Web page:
Given the information available in each site-specific inventory, we obtained the following co-variables: (1) georeferenced coordinates (decimal degree); (2) site denomination (e.g., national park, private reserve, indigenous territory, private landholding); and (3) protected area (yes/no). Based on the geographic coordinates of each inventory locality, expressed as a latlong projection (Datum WGS 84), we further obtained several landscape variables at 4.5-km radial buffer (which represents the mean species home range size sourced from Wilman et al.38). Covariates extracted and then averaged over the buffer area included the (1) human footprint index (HFI) v.2 (30-arc-sec resolution39); (2) land cover v.3/2013 at 15-arc-sec resolution (Fig. 1)40 providing the remaining of habitat area (HA, %) by coalescing all natural habitat land-cover (e.g., native forest, native grasslands, sparse shrublands); and (3) a combination of fire intensity and frequency, by weighing the average burn intensity by the frequency of monthly events (0.1 degree resolution, dated from the second semester of 2000, 2008–2009, and 2018–201941. HFI and land cover data covered time periods of 1993–2009 and 2003–2013, respectively. The multitemporal fire data match the timing of 97.6% of all assemblages surveyed, which on average were published 3.6 years after each in situ inventory had been conducted42. The potential predictors we used therefore provide a good representation of simultaneous environmental stressors exerted upon the mammal assemblages compiled, 89.1% (917) of which were surveyed between 2009 and 2019.
We further obtained the province and ecoregion of each site based on polygons sourced from Morrone43 and Olson et al.4. We segmented the data into seven major biogeographic regions as following: (1) Amazon-Pantanal (provinces: Guianan, Imerí, Madeira, Napo, Pantepui, Pará, Paramo, Rondônia, Roraima, Sabana, Trinidad, Ucayali, Venezuelan, and Xingu-Tapajós); (2) Atlantic Forest (Atlantic, Araucaria, and Parana); (3) Caatinga (Caatinga); (4) Central America (Bahama, Balsas, Chiapas, Cuban, Florida peninsula, Guatuso-Talamanca, Hispaniola, Mosquito, Pacific-Lowlands, Puntarenas, Sierra-Madre, Sonora, Transmexican-Volcanic, Veracruzan, and Yucatán); (5) Cerrado (Cerrado); (6) Patagonian-Pampa (Atacaman, Chacoan, Desert, Monte, Pampean, Patagonian, Prepuna, Puna, and Yungas); (7) Western-Ecuador: (Cauca, Chocó-Darién, Ecuadorian, Guajira, Magdalena, and Western Ecuador). We also used this segmentation to cross-validate our data layer extraction. In doing so, we assessed the spatial configuration of the extreme-range of local defaunation for each ecoregion within Google Earth44 imagery. Moreover, for each site, we classified the habitat type (HT) as either predominantly open areas (e.g., savannas, grasslands, shrublands) or predominantly forest areas (e.g., broadleaf, coniferous) based on the ecoregion characteristics sourced from Olson et al.4.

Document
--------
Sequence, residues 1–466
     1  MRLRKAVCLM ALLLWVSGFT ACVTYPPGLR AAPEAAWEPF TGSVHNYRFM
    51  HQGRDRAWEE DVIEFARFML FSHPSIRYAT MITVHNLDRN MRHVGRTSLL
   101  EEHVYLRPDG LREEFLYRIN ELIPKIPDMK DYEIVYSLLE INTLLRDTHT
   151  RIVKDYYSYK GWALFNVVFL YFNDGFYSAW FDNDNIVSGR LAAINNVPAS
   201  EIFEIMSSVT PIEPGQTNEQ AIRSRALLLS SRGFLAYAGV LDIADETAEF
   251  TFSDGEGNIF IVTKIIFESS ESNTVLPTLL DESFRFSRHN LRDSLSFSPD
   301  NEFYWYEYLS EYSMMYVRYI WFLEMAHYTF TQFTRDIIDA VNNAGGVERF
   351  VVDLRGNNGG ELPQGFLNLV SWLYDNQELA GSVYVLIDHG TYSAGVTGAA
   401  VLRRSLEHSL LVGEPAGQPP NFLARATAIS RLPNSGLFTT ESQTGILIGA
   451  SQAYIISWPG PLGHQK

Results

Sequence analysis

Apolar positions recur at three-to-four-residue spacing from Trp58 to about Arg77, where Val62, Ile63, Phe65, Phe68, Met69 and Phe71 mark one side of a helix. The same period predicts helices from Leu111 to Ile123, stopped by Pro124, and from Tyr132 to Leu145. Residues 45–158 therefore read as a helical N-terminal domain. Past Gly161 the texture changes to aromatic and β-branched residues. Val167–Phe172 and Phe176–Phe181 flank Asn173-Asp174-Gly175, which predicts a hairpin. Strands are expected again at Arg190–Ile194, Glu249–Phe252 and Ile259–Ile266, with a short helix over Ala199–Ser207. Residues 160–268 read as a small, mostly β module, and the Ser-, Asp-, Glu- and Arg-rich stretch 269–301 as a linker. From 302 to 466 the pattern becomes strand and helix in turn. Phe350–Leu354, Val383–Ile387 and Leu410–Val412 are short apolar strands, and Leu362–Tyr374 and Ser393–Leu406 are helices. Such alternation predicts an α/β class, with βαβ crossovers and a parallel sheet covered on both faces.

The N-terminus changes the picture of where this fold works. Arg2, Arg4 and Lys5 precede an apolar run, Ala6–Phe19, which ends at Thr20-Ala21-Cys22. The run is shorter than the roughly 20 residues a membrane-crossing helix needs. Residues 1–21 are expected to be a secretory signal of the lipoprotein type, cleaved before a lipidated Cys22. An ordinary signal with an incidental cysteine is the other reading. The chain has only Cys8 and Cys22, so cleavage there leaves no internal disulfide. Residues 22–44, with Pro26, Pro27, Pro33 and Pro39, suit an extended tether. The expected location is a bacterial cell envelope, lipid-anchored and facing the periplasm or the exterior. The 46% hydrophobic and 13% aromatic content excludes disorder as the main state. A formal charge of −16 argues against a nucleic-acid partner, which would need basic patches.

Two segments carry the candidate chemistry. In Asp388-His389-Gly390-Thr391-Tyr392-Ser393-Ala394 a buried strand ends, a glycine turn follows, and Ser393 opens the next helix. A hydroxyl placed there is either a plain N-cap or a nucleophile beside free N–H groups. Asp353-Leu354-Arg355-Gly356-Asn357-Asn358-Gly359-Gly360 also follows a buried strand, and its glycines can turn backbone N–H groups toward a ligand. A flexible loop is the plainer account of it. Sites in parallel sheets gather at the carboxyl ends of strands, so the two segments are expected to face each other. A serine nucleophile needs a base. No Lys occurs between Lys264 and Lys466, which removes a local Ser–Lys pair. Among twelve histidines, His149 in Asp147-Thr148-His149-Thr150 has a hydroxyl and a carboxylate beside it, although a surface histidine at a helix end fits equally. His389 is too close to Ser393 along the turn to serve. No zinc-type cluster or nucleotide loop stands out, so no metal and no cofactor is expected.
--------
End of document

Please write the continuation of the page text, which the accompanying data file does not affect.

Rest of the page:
Hunting pressure index
We generated a hunting pressure index (HPI) for each site based on a set of factors that can either inhibit or intensify hunting pressure (Table 1; Supporting Information S2). We first extracted data from spatial layers (latlong projection, datum WGS 84), based on a 4.5-km radial buffer around the geographic coordinates of each site, on the following features that inhibit hunting pressure: (i) elevation (site scale), (ii) artificial lights, (iii) protection status, and (iv) the ratio between net primary productivity (NPP) and a proxy of native vegetation biomass (by multiplying the proportion of habitat area (HA) by the mean vegetation height). Conversely, we extracted data for variables that likely intensify hunting pressure: (i) NPP, (ii) the 95th percentile of the species body size distribution in historical assemblages (site), (iii) a spatial metric of human disturbance (HFI), (iv) absolute latitude (site), (v) purchase power (dis)parity (PPP), and (vi) water bodies (Supporting Information S3). We summarized the reasons for using each of these variables in Table 1 (see also Supporting Information S2). Using this dataset, we obtained a value describing the degree to which hunting pressure was inhibited (Eq. 1), derived from prior equations based on observed values at ith assemblage as a function of the maximum value of any assemblage (from ith to jth assemblage) (Table 1). Conversely, we used the same approach to obtain a value of hunting severity (Eq. 2). Given these two values, we derived the HPI metric (Eq. 3) by subtracting Eq. 1 (inhibition) from Eq. 2 (intensification) (see Table 1; Supporting Information S4). Thus, our HPI metric can range from − 1.0 (low pressure) to + 1.0 (high pressure). To formally assess the HPI metric, we applied the Bayes theorem45 (Supporting Information S5) to all values derived from Eq. 1 versus Eq. 2, expecting a significant linear relationship between the Bayes-posterior probability and our proposed HPI metric. The Bayes theorem—given any two events A and B and the conditional probability of A given B—is denoted by P(A|B)45. Therefore, the hunting intensification (P(Eq. 2)) is conditioned on the factors that inhibit hunting (P(Eq. 1)). The posterior probability value derived from the Bayes theorem (i.e., P(Eq. 2|Eq. 1) is more strongly related to the factors that intensify, rather than the factors that reduce hunting pressure. The subtraction value of “intensification–inhibition” (i.e., intensification minus inhibition or HPI) is correlated with the probability value derived from the Bayes theorem, whereby hunting intensification (Eq. 2) given the factors that inhibit hunting (Eq. 1) are true (see more details in the Supporting Information S5). Using this approach, we found a significant linear relationship [R2adj = 0.69; p < 0.001] between HPI and the posterior probability of hunting intensification given the hunting inhibition values (Eq. 2|Eq. 1). This indicates that hunting pressure increases as a function of greater intensification, although the HPI value depends on both sets of metrics (Supporting Information S5). Given that we identified a spatial autocorrelation in HPI [Mobs = 0.13; Mexp = − 0.01; p < 0.001], we used a kriging interpolation approach46 to derive a georeferenced map of HPI (≌ 4.5-km pixel resolution) pruned to fit the Neotropical realm boundaries of Morrone43 (Supporting Information S6). Following the same interpolation approach, we also mapped the Bayes-posterior probability to all values derived from Eq. 1 versus Eq. 2 to provide a spatial overview of the relationship between HPI and the Bayes-posterior probability values (Supporting Information S7).